Update: August 2019 Visa Bulletin
The Department of State
released the August 2019 Visa Bulletin. The EB-1 Final Action dates (with the exception of India that remained on 01Jan2015) had across the board retrogression to July 1, 2016, resulting in a retrogression of several months to over one year, including EB-1 Worldwide. EB-2, EB-3, and Other Workers for Worldwide, Mexico, Philippines and Vietnam all retrogressed, as did India (EB-3 and Other Workers). Meanwhile China EB-2 and EB-3 and India EB-2 had slight advancement. Any eligible individuals in these affected categories should file their Adjustment of Status applications before the end of July (to the extent possible). USCIS has determined that it will accept Filing Action dates for Family-Sponsored Adjustment of Status Applications for all categories except F2A, and will accept Final Action dates for Employment-Based Adjustment of Status Applications.
The Department of State has stated that for October, the beginning of the fiscal year, it would make every effort to return these final action dates to those which applied in July 2019.
The Visa Bulletin also posts the DV-2020 lottery results.
House Passes Bill to Eliminate Employment-Based Per-Country Limits and Increase Family-Based Visa Numbers
The House of Representatives passed the Fairness for High-Skilled Immigrants Act (H.R. 1044) on July 10, 2019, which would eliminate the per-country limits on all employment-based green cards and equalize the waiting times for foreign nationals from all countries. This would significantly improve the wait times for Indian and Chinese nationals, but would greatly delay the process for foreign nationals from other countries. The Bill also seeks to increase the family-based per-country quota from 7% to 15%.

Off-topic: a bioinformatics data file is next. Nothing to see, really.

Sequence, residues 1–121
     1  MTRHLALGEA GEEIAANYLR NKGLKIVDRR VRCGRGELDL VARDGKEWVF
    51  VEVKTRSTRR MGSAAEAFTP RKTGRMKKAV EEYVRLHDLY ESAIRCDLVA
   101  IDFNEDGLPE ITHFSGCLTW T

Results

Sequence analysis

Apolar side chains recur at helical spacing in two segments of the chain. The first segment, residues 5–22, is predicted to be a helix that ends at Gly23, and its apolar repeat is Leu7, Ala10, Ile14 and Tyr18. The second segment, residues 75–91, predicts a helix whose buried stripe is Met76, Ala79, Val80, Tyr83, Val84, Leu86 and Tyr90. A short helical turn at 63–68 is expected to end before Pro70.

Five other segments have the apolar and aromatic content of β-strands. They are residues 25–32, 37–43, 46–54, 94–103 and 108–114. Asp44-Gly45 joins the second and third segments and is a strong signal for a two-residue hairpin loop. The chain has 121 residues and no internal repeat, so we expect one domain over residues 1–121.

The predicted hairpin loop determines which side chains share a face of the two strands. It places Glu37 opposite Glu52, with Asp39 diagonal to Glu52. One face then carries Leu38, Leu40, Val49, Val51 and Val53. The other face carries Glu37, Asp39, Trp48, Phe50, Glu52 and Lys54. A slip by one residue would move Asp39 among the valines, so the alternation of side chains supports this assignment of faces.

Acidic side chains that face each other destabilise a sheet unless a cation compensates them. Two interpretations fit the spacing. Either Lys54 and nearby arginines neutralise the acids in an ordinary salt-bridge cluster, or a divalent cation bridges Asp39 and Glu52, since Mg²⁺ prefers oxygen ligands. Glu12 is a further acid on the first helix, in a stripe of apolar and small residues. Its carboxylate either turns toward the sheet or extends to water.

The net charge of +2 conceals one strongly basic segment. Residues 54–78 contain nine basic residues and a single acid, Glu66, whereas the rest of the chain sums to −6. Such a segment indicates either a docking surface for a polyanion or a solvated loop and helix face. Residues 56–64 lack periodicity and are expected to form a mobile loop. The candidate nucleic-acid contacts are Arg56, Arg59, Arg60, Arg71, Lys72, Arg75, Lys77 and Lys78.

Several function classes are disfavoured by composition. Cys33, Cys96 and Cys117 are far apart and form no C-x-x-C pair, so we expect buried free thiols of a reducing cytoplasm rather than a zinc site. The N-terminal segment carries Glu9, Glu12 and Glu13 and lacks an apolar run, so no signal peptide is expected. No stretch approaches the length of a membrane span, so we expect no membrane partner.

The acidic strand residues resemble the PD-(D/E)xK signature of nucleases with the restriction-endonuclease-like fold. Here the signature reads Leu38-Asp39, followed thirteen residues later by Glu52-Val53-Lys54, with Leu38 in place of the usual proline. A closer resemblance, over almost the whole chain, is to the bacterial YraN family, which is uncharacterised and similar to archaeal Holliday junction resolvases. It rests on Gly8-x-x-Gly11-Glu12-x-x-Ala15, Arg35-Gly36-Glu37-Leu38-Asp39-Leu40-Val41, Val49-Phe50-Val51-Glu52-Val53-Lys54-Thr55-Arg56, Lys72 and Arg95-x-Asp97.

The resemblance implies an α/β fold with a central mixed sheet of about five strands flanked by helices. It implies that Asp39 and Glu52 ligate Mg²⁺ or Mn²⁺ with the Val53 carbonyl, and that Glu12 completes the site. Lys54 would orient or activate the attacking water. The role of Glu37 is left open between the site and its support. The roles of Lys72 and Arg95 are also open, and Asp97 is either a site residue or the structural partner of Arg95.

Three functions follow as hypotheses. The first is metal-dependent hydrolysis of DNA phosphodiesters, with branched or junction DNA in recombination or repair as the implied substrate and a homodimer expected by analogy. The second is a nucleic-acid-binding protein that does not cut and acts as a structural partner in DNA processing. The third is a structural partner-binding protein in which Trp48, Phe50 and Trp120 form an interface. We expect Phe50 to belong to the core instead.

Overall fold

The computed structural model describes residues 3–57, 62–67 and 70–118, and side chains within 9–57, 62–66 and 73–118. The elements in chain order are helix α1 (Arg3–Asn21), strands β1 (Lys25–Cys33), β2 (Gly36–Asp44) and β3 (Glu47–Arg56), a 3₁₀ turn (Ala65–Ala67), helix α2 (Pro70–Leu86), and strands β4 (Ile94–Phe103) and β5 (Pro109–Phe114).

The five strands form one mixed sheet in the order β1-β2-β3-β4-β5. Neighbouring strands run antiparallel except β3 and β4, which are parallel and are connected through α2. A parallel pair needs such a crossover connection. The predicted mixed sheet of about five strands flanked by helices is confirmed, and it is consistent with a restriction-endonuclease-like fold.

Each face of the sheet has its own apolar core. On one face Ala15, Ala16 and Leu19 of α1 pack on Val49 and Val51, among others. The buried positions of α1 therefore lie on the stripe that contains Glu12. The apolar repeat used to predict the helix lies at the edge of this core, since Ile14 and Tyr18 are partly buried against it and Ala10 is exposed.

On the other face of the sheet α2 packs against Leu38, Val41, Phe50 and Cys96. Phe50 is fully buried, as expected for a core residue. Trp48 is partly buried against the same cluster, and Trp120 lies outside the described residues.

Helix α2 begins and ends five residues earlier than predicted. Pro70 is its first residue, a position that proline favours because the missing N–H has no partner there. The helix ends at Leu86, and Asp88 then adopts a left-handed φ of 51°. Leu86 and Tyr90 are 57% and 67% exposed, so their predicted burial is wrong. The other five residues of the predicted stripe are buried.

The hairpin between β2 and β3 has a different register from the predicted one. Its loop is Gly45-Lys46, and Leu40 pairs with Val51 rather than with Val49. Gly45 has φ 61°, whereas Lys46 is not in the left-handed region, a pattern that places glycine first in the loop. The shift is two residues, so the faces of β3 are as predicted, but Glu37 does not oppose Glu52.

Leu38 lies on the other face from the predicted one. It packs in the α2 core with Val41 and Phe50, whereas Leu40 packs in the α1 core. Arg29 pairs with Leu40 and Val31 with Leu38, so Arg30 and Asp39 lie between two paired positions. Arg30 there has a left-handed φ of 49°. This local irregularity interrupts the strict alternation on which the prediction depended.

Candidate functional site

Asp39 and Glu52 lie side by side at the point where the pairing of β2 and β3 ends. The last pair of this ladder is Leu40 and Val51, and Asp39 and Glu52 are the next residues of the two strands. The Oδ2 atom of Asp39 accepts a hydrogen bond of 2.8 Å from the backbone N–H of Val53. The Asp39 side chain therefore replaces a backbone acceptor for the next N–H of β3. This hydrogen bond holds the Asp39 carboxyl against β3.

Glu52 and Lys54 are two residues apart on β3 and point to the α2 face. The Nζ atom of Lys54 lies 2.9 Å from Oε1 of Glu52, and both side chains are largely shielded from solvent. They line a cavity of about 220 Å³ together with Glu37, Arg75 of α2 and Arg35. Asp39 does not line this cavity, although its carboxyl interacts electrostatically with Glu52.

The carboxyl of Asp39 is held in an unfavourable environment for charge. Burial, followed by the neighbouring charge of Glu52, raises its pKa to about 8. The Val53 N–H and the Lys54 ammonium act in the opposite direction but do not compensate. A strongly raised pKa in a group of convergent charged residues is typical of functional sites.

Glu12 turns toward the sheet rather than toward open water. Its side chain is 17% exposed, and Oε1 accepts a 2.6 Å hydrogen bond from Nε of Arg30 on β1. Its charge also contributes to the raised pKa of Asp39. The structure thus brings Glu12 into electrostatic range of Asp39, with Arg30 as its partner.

The companion Senate Bill (S. 386) has been introduced with additional provisions that include increasing the DOL’s oversight and enforcement authority over the H-1B category and increase H-1B employer obligations.
DHS and DOJ Issue Joint Third-Country Asylum Rule
DHS and DOJ
announced that on July 16, 2019 it would publish a joint Interim Final Rule in the Federal Register revising immigration regulations to add a new bar further restricting eligibility for asylum for individuals who enter or attempt to enter the U.S. across the southern border without having first applied for protection from persecution or torture while in a third country. DHS Acting Secretary Kevin K. McAleenan issued a statement explaining that this interim rule will reduce migration to the US from the southern Mexico border. This basis for asylum ineligibility applies only prospectively to aliens who enter or arrive in the US on or after the effective date of the joint rule, July 16, 2109.
The new bar will apply unless one of following three very limited exceptions can be established:
The alien demonstrates that he or she applied for protection from persecution or torture in at least one of the countries through which the alien transited en route to the United States, and the alien received a final judgment denying the alien protection in such country;
The alien demonstrates that he or she satisfies the definition of “victim of a severe form of trafficking in persons” provided in 8 C.F.R. § 214.11; or
The only country(ies) through which the alien transited en route to the US were, at the time of transit, not parties to the 1951 UN Convention relating to the Status of Refugees, the 1967 Protocol, or the UN Convention against Torture and Other Cruel, Inhuman or Degrading Treatment or Punishment.
Nonprofits File Lawsuit Seeking Hearings for Children and Family in Advance of Trump Administration Raids
Several nonprofit organizations filed a lawsuit in the U.S. District Court for the Southern District of New York seeking to require the government to hold hearings before immigration judges prior to physically removing any currently unrepresented family or child who was ordered removed
in absentia on or after May 1, 2014, in order to determine whether their removal order should be rescinded. The complaint alleges, among many other points, that the in absentia orders the Trump Administration is seeking to enforce were not properly entered because the government’s system for providing notice was defective, including, the government mailing notices to the incorrect address, sending them without date or time of hearings, setting hearing dates for weekends when hearings were not being held, or sending them too late. The Plaintiffs claim that this was in violation of the Due Process Clause and the refugee protection laws. Asylum Seeker Advocacy Project, et al. v. Barr, 7/11/19
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